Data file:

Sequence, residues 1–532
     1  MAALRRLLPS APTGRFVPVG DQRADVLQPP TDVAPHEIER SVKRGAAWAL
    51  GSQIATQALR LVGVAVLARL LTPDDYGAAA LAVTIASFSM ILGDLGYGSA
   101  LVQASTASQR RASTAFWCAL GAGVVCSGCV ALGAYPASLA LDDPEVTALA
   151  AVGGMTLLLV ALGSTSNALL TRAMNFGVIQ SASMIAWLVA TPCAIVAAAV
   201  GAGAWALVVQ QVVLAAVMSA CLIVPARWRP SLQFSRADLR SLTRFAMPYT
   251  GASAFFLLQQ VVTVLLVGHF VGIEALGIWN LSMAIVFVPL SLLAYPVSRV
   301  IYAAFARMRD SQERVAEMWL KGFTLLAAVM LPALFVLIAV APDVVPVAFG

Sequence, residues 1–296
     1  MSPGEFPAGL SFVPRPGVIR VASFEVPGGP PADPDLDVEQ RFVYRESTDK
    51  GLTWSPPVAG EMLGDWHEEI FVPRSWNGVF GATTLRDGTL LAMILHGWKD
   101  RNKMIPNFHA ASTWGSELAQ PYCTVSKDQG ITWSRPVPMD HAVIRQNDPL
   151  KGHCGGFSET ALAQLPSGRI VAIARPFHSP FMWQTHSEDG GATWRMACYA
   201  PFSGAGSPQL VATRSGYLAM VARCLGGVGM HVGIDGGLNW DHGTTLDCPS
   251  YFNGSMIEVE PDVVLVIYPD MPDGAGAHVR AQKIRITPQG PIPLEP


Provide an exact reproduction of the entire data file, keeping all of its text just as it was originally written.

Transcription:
Sequence, residues 1–532
     1  MAALRRLLPS APTGRFVPVG DQRADVLQPP TDVAPHEIER SVKRGAAWAL
    51  GSQIATQALR LVGVAVLARL LTPDDYGAAA LAVTIASFSM ILGDLGYGSA
   101  LVQASTASQR RASTAFWCAL GAGVVCSGCV ALGAYPASLA LDDPEVTALA
   151  AVGGMTLLLV ALGSTSNALL TRAMNFGVIQ SASMIAWLVA TPCAIVAAAV
   201  GAGAWALVVQ QVVLAAVMSA CLIVPARWRP SLQFSRADLR SLTRFAMPYT
   251  GASAFFLLQQ VVTVLLVGHF VGIEALGIWN LSMAIVFVPL SLLAYPVSRV
   301  IYAAFARMRD SQERVAEMWL KGFTLLAAVM LPALFVLIAV APDVVPVAFG

Sequence, residues 1–296
     1  MSPGEFPAGL SFVPRPGVIR VASFEVPGGP PADPDLDVEQ RFVYRESTDK
    51  GLTWSPPVAG EMLGDWHEEI FVPRSWNGVF GATTLRDGTL LAMILHGWKD
   101  RNKMIPNFHA ASTWGSELAQ PYCTVSKDQG ITWSRPVPMD HAVIRQNDPL
   151  KGHCGGFSET ALAQLPSGRI VAIARPFHSP FMWQTHSEDG GATWRMACYA
   201  PFSGAGSPQL VATRSGYLAM VARCLGGVGM HVGIDGGLNW DHGTTLDCPS
   251  YFNGSMIEVE PDVVLVIYPD MPDGAGAHVR AQKIRITPQG PIPLEP